This museum should have been approved when first proposed in 1915 by African American veterans of the Union Army.  There is much African American history which merits acknowledgement and celebration.  There is a clear and present danger, however, that this otherwise appropriate museum will be used by the political left as a radical propaganda center.  Because the American people are funding what purports to be a vehicle for the education of all (especially all students), it is important to ensure that the entire story of African American history be objectively told.  News interviews with museum officials who have promised a prominent emphasis on Black Lives Matter (BLM) kinds of political narratives are, therefore, especially troubling – not least because “Leaders from the Black Lives Matter and reproductive justice movements recently announced a formal organizational alliance.”  (truth-out.org, February 15, 2016).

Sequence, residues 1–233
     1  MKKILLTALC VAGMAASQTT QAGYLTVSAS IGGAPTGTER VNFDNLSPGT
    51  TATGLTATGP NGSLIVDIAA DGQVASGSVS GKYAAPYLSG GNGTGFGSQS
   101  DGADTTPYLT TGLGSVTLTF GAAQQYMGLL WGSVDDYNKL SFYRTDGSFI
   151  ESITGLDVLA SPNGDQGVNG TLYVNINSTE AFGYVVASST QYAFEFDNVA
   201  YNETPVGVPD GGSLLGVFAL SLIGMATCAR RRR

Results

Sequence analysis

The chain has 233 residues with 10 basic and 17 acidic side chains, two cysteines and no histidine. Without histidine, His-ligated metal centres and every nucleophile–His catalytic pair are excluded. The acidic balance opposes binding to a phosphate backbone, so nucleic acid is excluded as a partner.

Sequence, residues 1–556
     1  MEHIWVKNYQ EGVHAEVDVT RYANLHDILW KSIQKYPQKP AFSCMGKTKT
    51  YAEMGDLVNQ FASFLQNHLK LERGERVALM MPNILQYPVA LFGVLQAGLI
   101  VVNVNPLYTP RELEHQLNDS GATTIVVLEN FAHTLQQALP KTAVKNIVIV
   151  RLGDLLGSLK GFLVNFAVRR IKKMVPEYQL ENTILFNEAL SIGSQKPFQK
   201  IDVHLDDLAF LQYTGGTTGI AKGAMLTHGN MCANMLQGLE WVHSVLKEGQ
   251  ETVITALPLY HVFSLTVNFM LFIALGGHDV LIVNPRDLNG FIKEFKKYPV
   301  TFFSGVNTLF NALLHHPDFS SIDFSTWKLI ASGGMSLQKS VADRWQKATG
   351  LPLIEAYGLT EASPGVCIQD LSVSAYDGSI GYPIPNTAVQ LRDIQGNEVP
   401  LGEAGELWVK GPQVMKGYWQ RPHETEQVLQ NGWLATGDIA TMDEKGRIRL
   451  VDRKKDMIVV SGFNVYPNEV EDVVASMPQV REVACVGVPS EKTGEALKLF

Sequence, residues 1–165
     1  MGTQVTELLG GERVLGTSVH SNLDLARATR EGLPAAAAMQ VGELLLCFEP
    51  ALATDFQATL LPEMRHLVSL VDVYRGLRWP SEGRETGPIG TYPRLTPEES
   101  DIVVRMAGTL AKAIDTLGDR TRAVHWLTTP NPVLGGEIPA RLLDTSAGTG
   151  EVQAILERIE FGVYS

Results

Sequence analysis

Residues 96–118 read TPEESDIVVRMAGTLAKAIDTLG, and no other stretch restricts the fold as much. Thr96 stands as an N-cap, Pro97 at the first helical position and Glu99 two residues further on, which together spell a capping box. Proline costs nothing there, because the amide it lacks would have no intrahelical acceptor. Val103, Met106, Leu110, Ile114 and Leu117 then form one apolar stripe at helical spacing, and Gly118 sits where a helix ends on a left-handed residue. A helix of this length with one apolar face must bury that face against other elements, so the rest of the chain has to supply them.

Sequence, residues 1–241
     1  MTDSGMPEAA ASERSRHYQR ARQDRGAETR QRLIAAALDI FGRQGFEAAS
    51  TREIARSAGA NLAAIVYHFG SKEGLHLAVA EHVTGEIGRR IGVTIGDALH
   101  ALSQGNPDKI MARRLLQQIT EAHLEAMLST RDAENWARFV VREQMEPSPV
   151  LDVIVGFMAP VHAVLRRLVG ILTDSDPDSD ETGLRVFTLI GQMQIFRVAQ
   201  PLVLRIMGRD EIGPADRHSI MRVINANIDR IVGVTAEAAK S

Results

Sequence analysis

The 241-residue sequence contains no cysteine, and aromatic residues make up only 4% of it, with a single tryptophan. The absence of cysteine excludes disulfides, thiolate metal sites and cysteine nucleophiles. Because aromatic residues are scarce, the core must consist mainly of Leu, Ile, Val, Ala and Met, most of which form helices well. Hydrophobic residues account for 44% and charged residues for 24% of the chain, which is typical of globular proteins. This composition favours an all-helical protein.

Another complicating factor in the museum’s proposed BLM related content is that all of the police officers alleged to have behaved unlawfully in apprehending the African American suspects whose supposed victimization animates the protesters many grievances, have been cleared (by both Obama Justice Department officials and various state agencies) of all criminal and civil rights accusations.

The Center For Bio-Ethical Reform (CBR) strongly supports the African American Museum of History and Culture, but we support it only to the extent that it is an intellectually honest institution.  We cannot stand idly by and watch it be hijacked by angry activists who wield a divisive political agenda.  We therefore insist on museum display content which reveals, for example, the sad truth that although African American women account for only 11% of the female population, they are the victims of 36% of all abortions (Centers For Disease Control, November 28, 2014).  We want school children to know that by 2009, “… 16 million [black children] had been aborted.  Had they lived, the black population would be 50% larger than it was in 2009, 49 million instead of 33 million (National Review, April 9, 2009).  By 2014, 18 million black babies had been aborted.  That is real “voter suppression,” and showing children what it looks like could save countless lives and protect many mothers.